Long Beach, CA asked in Appeals / Appellate Law, Civil Litigation and Probate for California

Q: I don't know what to do

My stepfather and mother were married 28 years my mother owned her own ompany she had numerous bank accounts stocks bonds life ins she passed 2002 with a holographic will stating in her husband's demise all monies go back to her children my stepfather pass 2016 Intestate as a widower his half-brother who I don't even believe he's a blood half-brother and as I look closer at his birth certificate it looks like it's been messed with my mother passed away my stepfather moved his girlfriend in my mother's house his girlfriend took over my mom's identity to her company bank account she was writing stepfather checks every two weeks eventually she sold my mom's company to my stepfather she also sold the house to my stepfather we got definite information from legal order processing the accounts belong to us and we was never able to get our attorney who took $47,000 from us and didn't do nothing for us they didn't even fight for us in Court all they did was ask for continuance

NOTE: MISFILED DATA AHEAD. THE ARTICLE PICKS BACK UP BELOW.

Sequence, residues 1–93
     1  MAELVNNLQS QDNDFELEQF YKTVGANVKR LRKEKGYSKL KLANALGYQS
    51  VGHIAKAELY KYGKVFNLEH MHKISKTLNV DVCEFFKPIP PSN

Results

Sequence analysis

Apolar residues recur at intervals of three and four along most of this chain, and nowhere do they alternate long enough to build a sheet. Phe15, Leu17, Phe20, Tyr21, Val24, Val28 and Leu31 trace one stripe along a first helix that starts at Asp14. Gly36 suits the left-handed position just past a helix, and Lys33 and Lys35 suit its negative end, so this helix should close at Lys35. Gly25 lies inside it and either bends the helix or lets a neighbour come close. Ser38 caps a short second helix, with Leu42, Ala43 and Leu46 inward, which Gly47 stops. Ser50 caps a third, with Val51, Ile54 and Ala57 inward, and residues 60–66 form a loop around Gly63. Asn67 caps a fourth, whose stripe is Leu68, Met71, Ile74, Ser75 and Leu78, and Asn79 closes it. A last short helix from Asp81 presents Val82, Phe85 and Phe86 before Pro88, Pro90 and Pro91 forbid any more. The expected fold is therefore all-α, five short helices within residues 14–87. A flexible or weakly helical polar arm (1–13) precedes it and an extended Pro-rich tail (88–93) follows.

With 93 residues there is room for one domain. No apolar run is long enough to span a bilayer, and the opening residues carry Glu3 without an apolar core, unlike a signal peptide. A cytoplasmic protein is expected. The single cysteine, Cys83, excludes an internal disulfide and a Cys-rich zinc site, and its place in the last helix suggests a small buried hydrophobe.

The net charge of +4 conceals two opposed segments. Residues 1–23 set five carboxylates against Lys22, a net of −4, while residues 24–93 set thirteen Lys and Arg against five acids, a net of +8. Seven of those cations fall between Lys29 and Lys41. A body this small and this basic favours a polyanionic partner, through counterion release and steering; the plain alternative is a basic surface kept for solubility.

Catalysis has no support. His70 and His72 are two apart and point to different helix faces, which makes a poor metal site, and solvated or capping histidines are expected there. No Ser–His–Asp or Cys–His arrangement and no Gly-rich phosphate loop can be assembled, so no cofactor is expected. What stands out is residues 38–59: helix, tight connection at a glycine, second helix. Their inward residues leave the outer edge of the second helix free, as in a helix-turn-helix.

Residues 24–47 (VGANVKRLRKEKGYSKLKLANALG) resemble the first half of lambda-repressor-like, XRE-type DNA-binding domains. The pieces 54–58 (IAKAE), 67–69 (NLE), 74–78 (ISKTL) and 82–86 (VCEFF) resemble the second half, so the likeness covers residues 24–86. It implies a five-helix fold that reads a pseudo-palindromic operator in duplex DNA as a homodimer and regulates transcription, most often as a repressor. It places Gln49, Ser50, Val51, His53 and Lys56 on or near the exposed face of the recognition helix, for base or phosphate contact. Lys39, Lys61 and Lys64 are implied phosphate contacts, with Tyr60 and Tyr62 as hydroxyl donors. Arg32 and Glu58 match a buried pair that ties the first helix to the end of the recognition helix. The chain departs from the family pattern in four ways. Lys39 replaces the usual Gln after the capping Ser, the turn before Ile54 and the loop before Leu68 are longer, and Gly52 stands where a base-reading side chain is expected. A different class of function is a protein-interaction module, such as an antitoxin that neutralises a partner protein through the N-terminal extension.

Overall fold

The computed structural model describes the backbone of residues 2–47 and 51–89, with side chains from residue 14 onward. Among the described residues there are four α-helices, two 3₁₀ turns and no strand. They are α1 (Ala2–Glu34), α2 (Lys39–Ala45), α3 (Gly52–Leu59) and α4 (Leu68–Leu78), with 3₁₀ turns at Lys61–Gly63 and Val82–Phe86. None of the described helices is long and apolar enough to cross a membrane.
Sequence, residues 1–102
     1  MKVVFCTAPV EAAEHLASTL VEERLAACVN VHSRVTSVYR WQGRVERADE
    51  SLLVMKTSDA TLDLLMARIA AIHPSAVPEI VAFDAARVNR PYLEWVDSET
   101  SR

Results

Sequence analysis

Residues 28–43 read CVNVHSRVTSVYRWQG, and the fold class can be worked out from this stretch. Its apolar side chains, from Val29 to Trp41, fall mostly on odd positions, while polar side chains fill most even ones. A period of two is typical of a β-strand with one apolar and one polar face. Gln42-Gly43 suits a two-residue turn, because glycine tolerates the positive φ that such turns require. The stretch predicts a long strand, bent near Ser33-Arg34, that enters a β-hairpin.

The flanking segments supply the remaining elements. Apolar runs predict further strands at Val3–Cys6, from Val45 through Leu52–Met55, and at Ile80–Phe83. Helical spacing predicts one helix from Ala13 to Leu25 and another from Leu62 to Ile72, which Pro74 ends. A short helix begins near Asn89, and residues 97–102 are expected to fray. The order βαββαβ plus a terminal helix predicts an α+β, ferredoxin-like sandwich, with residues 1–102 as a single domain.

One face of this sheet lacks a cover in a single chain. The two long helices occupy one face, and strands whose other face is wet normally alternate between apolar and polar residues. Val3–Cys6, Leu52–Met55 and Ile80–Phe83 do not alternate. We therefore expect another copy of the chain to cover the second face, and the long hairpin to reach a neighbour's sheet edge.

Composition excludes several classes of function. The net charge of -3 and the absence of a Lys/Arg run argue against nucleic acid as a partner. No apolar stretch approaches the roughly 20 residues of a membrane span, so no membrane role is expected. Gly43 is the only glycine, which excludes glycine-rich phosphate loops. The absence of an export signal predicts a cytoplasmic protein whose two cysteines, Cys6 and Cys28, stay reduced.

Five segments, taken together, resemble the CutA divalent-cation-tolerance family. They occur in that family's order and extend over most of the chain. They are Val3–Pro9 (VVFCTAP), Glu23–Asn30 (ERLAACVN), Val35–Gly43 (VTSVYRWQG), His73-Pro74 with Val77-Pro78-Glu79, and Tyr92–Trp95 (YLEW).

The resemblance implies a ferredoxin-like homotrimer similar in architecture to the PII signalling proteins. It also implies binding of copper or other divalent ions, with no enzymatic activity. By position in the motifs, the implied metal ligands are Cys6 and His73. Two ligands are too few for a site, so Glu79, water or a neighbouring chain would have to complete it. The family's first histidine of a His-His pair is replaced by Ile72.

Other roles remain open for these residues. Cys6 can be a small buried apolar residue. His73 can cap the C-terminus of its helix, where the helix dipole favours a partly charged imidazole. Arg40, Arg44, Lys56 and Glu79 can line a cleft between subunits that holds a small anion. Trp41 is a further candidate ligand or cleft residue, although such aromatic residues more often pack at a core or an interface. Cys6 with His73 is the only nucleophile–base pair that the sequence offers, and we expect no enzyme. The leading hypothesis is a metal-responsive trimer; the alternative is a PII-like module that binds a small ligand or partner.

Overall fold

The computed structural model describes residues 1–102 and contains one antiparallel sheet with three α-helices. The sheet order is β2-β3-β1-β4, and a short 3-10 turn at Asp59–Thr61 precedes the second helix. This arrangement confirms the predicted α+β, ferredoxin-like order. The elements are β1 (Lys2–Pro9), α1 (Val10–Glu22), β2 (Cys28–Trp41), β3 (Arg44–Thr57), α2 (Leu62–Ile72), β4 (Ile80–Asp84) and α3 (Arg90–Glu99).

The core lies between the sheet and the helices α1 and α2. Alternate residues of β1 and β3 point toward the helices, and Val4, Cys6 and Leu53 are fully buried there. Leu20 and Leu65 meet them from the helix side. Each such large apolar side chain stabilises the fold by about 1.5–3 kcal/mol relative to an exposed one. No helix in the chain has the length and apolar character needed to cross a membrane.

2 Lawyer Answers
Richard Samuel Price
Richard Samuel Price
Answered
  • Estate Planning Lawyer
  • Redlands, CA
  • Licensed in California

A: If I understand your facts, your mother died and all of her assets went to your step-father in 2002? Unfortunately, you're not an heir to your step-father's estate and your mother's will is not valid to make you an heir to your step-father's estate.

Kenneth Sisco
Kenneth Sisco
PREMIUM
Answered
  • Norco, CA
  • Licensed in California

A: There are a lot of facts that are unclear, but it appears that you mother left your step father a "life estate" in her property, meaning he got the proceeds from the business and was allowed to live in the home, for his lifetime, and then all her property would revert back to her children. I see nothing in your facts that indicate she intended that your step father's girlfriend could steal your mother's identity and sell your mother's property to your step father (presumably at a very good price). Again, it is unclear, but this matter should have been handled in the Probate Court, and you should pursue getting back the unearned fees charged by your attorney, as well as, compensation for the loss of your property.

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